REVIEW: Beach Read by Emily Henry

In brief: January’s happily ever after life has fallen apart. When she ends up living next to former rival Gus, they form a bet – write a novel in each other’s genre and get it sold first. But they could actually start to become friends or more…

The good: Great premise.

The not-so-good: I felt the writing premise got a bit buried towards the end under all the other plot threads coming together.

Why I chose it: Sounded like fun.

Year: 2020

Pages: 361

Publisher: Penguin

Setting: Michigan, USA

Rating: 7.5 out of 10

Beach Read sounded like a great read for summer nights – light, fun and engaging. For the most part it was exactly that, but does get bogged down occasionally in tying up some of the subplots introduced.

January is at a loss big time. She’s broken up with her boyfriend, she has writer’s block and her father has died unexpectedly. He has left her behind a house by the lake in Michigan, but that is little comfort when she finds out that he was in a relationship with another woman despite being married to January’s mother. January is a writer who writes about true love and romance, but now her biggest inspiration (her parents) has turned out to be a big fat lie. January’s plan is to prepare the house for sale and hope that inspiration strikes to end her agent and publisher being on her tail. The last thing she expected is that her university nemesis Gus lives next door. Gus writes literary fiction without happy endings because that’s how he sees the world (yes, he has Baggage). They start talking and set a bet – write a novel in the other’s genre and be the first to be sold/published. This also involves coaching on the finer aspects of their genres (interviewing people who have lost family to a cult and activities that result in meet-cutes). But then January and Gus start to fall for each other – will it be a happy ever after or will their respective baggage doom them to an unhappy ending?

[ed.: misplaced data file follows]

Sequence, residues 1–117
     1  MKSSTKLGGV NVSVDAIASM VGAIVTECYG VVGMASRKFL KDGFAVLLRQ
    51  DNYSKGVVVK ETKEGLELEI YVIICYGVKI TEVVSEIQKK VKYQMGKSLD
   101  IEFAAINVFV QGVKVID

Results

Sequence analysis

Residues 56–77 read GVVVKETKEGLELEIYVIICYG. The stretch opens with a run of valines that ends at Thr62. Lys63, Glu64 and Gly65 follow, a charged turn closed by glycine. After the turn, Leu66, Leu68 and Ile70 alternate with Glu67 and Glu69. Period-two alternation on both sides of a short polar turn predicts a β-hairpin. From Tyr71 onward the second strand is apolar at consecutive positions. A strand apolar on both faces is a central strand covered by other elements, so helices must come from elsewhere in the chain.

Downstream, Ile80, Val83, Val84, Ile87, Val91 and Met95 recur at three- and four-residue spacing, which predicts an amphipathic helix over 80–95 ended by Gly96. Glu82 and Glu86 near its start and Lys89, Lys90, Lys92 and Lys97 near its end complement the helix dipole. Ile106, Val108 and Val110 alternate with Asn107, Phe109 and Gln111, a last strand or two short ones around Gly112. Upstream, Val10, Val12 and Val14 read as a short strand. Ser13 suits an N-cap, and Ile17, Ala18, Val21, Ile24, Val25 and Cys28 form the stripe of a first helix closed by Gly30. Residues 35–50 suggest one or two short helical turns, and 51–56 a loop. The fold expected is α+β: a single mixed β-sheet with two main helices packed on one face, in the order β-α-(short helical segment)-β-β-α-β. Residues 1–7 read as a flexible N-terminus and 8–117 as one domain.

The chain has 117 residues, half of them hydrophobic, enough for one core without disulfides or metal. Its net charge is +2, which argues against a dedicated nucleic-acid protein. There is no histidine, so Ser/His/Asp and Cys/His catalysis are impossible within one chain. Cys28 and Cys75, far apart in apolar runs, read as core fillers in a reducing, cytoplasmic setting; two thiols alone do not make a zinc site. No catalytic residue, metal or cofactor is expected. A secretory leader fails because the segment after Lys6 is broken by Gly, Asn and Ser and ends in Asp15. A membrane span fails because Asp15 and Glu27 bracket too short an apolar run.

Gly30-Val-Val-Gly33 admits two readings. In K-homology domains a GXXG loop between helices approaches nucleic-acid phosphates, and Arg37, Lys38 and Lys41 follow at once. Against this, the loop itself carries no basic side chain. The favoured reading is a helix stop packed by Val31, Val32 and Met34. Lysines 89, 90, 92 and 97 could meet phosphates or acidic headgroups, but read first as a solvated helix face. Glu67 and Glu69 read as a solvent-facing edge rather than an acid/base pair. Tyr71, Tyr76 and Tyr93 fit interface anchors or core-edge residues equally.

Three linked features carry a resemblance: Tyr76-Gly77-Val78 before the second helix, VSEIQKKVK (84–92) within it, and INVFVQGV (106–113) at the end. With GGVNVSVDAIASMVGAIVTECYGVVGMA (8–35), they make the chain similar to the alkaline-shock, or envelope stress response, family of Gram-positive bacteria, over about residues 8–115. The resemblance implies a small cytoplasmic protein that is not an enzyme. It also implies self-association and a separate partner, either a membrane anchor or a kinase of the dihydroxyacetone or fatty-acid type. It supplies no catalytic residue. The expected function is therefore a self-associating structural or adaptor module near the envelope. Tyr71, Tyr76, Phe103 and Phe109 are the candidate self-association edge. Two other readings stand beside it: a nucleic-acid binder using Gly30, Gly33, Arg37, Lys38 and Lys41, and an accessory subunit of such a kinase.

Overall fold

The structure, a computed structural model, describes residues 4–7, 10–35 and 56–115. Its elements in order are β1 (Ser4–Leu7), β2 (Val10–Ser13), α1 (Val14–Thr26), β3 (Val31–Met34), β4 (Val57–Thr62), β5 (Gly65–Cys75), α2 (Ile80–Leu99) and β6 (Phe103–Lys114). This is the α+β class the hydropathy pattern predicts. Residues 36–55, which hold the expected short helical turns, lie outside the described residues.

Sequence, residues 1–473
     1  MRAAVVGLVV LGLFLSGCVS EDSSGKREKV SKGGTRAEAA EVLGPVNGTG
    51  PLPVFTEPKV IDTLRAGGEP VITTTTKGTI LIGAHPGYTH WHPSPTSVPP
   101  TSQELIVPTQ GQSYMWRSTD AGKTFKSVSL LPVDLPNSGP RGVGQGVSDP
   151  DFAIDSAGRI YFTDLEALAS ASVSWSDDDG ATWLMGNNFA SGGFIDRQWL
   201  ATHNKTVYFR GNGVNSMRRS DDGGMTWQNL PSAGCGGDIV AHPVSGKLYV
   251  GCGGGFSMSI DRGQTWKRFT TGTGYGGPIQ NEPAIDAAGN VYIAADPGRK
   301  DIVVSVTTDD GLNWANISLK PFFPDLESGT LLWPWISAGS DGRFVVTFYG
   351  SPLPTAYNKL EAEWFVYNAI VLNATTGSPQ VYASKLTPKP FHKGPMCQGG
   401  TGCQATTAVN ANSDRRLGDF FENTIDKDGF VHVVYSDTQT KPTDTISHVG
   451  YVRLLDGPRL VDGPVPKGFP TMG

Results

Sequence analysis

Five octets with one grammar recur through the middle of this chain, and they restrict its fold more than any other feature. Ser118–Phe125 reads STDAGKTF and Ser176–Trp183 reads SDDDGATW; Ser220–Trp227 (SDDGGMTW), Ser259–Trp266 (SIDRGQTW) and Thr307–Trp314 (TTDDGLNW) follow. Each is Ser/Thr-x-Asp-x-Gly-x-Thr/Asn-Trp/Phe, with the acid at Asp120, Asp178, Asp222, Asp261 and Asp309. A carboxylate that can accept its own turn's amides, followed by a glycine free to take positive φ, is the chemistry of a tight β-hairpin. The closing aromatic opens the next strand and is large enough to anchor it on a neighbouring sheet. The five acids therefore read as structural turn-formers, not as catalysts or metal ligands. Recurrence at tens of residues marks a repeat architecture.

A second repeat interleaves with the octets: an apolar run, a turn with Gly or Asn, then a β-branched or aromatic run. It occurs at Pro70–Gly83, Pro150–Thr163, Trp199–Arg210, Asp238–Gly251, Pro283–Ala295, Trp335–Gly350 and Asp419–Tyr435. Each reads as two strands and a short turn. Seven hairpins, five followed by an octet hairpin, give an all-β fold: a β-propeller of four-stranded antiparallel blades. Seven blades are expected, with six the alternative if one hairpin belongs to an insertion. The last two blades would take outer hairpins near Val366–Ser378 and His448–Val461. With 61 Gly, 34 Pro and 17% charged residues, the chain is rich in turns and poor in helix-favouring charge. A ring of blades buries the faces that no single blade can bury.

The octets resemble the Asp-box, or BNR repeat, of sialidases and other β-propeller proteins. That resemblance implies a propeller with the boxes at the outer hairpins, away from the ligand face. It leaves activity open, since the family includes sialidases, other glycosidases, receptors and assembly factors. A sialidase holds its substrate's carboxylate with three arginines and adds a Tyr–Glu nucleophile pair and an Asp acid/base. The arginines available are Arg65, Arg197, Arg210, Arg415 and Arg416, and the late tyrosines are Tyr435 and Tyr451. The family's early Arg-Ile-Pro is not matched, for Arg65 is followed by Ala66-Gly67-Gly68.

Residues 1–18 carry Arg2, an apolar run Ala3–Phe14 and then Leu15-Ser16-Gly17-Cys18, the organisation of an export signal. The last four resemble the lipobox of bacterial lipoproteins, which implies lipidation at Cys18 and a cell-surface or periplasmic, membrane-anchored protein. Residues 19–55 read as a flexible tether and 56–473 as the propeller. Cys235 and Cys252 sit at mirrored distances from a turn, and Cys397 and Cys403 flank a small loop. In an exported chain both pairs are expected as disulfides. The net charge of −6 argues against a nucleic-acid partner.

Beach Read has a lot of fine aspects, such as the bet and the romantic tension. These sections were light and funny. But it also has aspects of Gus’ literary fiction world of broken promises and betrayals, which change the feel to darker and more serious. This happened more toward the end of the book, so I didn’t really know what to feel – happy? Sad? The turn from exploring a burnt-out site of a cult to romance was a little off-putting and I wasn’t sure whether I should cheer for January and Gus making decisions in their relationship or feel creeped out at the setting. The resolution to January and the Other Woman’s relationship (well, they weren’t talking for most of the novel) also felt a little rushed.

But there are still many great things about Beach Read. The bet. The Love Actually type signs between Gus and January writing in their houses. The discussion of what makes different kinds of fiction and the elements that are essentially the same (take that, purists)! Pete who makes terrible coffee and runs the local bookshop. Her wife Maggie who is obsessed with rocks. The coaching for meet-cutes and other romantic settings, from boot scooting to the fun fair. It’s definitely a book you can enjoy on hot summer nights, just be prepared for some serious and sad moments amongst the fun.


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